“[T]hough many things are copied from the law of Moses into the laws of the modern nations, yet so far as I know none of them have introduced the lex talionis in the case of injuries, an eye for an eye, and a tooth for a tooth, &c. and yet perhaps there are many instances in which it would be very proper.” (Jurisprudence, John Witherspoon, Scottish-American Presbyterian minister and a Founding Father of the United States)
It’s worth reflecting on that a bit and asking yourself why. Is it because justice is not the true function of modern states? Lex talionis is a principle of retributive justice. Just one page earlier, Witherspoon himself argues:
Therefore the punishment in general must consist of two parts, (i) reparation to the sufferer. (2) the vindicta publica, which has sometimes two ends in view, to be an example to others, and to reclaim and reform the offenders, as in corporal punishment less than death. Sometimes but one, the good of others in the example, as in capital punishments, and banishment.
The kind of punishment and the degree, is left wholly to different lawgivers, and the spirit of different constitutions. Public utility is the rule. Punishment is not always proportioned to the atrociousness of the crime in point of morals, but to the frequency of it, and the danger of its prevailing.
Witherspoon continues the opening quote about lex talionis by noting “The equity of the punishment would be quite manifest, and probably it would be as effectual a restraint from the commission of injury as any that could be chosen.” He then closes his lecture by insisting “Let the laws be just and the magistrate inflexible.”
First, he already said that the magistrate is given entire flexibility as to “the kind of punishment and the degree.” Second, if “public utility is the rule” then justice is not.
What then is the remedy for the threatened disruption of society and for the rapidly progressing decay of liberty?
There is really only one remedy. It is the rediscovery of the law of God.
If we want to restore respect for human laws, we shall have to get rid of this notion that judges and juries exist only for the utilitarian purpose of the protection of society, and shall have to restore the notion that they exist for the purposes of justice. They are only very imperfect exponents of justice, it is true. There are vast departments of life with which they should have nothing whatever to do. They are exceeding their God-given function when they seek to enforce inward purity or purity of the individual life, since theirs is the business only of enforcing – and that in necessarily imperfect fashion – that part of righteousness which concerns the relations between man and man. But they are instruments of righteousness all the same, and when that is not recognized, disaster follows for the state. Society will never be preserved by attaching savage penalties to trifling offences because the utilitarian interests of society demand it; it will never be preserved by the vicious practice (followed by some judges) of making ‘examples’ of people is spasmodic and unjust fashion because such examples are thought to have a salutary effect as a deterrent from future crime. No, we say, let justice never be lost from view – abstract, holy, transcendent justice – no matter what the immediate consequences may be thought to be. Only so will the ermine of the judge again be respected and the ravages of decadence be checked.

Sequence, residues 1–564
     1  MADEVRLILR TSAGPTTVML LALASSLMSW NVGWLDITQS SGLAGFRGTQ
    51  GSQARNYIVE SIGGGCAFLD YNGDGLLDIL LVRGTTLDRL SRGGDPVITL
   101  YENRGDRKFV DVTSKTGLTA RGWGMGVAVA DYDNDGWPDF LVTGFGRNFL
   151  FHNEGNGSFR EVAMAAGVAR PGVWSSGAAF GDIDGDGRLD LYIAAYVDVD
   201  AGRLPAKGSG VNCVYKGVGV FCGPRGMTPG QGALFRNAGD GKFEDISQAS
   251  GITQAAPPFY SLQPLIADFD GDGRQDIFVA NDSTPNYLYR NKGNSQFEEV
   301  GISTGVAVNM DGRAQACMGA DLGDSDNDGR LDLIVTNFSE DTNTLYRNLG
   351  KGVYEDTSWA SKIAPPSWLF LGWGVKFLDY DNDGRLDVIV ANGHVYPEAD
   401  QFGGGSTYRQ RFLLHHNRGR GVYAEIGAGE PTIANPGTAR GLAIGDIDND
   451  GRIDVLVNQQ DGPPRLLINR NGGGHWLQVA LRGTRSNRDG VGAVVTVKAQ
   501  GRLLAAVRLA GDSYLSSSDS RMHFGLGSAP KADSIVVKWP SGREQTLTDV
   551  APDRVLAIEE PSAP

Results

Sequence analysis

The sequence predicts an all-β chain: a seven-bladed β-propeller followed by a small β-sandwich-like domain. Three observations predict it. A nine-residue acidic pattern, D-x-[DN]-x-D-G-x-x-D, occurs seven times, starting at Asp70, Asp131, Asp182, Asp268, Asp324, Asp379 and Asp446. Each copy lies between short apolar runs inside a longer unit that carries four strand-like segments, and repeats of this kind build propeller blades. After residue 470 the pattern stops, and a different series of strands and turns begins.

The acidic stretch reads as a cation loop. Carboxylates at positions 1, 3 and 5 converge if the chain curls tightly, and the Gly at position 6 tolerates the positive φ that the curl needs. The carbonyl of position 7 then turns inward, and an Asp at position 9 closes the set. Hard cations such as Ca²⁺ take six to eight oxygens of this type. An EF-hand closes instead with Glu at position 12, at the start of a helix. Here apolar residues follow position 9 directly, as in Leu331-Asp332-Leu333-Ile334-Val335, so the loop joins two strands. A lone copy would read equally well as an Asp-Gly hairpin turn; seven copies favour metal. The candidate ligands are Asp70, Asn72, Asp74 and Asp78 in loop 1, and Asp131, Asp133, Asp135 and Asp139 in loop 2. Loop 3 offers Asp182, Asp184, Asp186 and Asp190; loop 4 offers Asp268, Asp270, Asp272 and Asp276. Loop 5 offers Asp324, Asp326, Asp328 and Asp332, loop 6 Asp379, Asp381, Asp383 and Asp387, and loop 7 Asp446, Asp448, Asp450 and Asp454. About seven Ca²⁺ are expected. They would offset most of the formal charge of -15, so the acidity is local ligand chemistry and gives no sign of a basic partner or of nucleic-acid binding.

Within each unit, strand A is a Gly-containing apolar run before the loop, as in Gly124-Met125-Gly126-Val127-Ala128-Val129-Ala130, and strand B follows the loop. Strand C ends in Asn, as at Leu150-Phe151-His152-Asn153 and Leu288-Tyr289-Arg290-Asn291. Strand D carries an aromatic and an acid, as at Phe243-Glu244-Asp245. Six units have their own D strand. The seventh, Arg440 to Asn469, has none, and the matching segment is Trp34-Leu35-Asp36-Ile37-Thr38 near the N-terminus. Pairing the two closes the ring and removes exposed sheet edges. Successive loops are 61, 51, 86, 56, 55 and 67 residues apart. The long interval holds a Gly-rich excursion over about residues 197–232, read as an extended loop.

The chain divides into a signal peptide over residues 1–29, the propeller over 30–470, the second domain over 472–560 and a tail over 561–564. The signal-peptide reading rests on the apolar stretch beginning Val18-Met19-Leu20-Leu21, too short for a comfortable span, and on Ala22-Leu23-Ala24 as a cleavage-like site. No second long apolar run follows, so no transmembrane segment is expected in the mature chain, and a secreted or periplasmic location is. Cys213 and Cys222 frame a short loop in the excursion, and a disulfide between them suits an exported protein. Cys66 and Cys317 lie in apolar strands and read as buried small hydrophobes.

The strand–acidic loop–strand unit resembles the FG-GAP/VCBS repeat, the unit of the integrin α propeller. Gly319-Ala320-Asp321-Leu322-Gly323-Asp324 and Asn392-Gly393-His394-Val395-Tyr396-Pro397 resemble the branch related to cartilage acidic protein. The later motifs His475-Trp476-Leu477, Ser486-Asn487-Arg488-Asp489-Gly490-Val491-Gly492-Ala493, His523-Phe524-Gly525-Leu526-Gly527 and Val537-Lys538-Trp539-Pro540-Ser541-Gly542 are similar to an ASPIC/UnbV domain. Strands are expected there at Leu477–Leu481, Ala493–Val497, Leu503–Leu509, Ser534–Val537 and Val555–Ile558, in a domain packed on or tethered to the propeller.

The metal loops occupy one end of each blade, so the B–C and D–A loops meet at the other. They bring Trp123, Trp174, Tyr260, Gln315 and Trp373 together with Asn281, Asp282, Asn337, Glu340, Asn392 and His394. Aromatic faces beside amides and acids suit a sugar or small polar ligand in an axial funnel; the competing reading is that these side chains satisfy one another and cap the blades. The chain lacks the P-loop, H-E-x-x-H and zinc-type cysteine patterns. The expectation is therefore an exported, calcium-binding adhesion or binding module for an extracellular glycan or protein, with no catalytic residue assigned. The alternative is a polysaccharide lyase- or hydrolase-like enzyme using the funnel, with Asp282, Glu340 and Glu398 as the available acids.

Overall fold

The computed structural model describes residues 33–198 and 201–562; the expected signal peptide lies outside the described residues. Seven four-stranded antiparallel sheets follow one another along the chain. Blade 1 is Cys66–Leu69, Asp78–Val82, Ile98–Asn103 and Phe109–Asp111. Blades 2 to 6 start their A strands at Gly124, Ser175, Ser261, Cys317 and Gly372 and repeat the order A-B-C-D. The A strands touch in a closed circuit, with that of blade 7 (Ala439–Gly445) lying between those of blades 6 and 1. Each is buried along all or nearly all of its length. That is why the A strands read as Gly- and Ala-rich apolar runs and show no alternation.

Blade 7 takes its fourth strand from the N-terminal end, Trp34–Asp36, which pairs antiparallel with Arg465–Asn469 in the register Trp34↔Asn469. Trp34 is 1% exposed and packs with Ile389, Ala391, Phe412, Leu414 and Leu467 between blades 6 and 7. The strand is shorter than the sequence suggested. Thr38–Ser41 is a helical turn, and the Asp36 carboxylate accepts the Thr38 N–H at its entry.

-The Christian View of Man p. 193